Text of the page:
Expert Rev Pharmacoecon Outcomes Res 2015 19;15(6):931-40. Epub 2015 Oct 19.
a Center for the Evaluation of Value and Risk in Health, Institute for Clinical Research and Health Policy Studies , Tufts Medical Center , Boston , MA , USA.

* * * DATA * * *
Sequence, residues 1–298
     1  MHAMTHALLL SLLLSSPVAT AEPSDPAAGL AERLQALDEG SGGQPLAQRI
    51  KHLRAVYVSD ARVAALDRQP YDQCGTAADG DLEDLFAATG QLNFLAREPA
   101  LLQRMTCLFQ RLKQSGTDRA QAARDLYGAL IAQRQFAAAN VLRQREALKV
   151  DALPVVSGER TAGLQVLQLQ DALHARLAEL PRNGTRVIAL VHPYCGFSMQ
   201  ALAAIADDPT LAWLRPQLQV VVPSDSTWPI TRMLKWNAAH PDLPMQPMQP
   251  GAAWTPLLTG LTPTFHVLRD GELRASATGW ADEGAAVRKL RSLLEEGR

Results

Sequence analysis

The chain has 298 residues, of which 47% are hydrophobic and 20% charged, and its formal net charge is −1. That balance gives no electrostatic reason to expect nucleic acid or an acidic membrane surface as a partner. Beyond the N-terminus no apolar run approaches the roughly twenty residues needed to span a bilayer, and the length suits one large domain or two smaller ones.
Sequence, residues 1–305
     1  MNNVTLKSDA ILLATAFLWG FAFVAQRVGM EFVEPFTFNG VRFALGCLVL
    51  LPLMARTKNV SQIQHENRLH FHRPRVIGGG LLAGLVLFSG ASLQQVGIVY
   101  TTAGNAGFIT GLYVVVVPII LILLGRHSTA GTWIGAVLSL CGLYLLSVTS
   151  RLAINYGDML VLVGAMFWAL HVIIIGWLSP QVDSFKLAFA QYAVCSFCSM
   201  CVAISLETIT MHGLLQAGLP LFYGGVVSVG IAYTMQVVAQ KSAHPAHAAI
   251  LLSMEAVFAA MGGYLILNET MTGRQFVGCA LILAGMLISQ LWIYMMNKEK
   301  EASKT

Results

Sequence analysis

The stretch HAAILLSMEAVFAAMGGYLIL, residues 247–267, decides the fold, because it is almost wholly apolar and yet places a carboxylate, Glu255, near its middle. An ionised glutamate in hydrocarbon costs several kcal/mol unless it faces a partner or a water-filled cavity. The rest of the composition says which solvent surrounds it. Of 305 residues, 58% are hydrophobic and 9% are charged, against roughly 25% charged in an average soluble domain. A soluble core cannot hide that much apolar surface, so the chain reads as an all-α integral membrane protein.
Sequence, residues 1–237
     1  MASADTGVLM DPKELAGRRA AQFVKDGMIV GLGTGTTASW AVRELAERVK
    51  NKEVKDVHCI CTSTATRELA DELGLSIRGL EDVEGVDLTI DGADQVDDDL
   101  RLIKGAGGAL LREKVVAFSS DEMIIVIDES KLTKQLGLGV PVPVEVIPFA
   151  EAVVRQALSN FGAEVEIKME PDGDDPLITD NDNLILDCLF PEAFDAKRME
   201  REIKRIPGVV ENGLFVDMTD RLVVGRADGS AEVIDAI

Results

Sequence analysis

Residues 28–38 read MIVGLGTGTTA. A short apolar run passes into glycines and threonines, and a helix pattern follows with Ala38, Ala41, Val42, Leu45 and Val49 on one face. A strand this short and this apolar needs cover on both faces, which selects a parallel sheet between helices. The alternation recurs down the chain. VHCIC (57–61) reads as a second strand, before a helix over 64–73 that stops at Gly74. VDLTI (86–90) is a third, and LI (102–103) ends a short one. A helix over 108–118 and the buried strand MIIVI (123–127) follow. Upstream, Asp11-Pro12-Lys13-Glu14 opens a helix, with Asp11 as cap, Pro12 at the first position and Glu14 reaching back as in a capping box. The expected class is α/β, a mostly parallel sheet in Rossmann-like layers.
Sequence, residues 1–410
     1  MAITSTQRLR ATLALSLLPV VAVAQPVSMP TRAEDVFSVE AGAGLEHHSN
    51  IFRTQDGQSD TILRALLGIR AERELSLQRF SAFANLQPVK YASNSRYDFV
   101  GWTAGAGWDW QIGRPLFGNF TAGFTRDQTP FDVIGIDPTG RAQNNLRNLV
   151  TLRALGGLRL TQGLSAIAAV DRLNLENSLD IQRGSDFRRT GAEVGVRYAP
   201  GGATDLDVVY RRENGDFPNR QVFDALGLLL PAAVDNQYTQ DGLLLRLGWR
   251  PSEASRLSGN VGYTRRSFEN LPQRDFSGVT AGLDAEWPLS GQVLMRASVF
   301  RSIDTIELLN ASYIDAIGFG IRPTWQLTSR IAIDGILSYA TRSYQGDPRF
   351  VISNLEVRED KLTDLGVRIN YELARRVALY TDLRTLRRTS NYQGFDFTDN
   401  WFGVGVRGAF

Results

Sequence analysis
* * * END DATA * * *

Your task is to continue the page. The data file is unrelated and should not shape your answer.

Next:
Published literature lacks consensus, and most guidelines lack definitive recommendations as to whether cost-effectiveness analyses (CEAs) should include all "future" costs or distinguish between related and unrelated medical costs. This systematic review of oncology CEAs evaluated cost methods used and the impact on the cost-effectiveness of incorporating different cost categories, including costs due to study intervention, related medical costs of the treated condition, and unrelated medical costs. Of the 59 studies reviewed, none included medical costs unrelated to the treated condition and 14 studies (32%) excluded direct medical costs related to the condition but not the evaluated intervention. Recomputing ICERs using different cost categories altered overall cost-effectiveness conclusions. The authors propose conventional CEA methods may implicitly penalize therapies that add "expensive" life years for chronically ill patients. Presenting ICERs computed with and without disease-attributable costs can help better convey how much the treatment itself contributes to overall costs.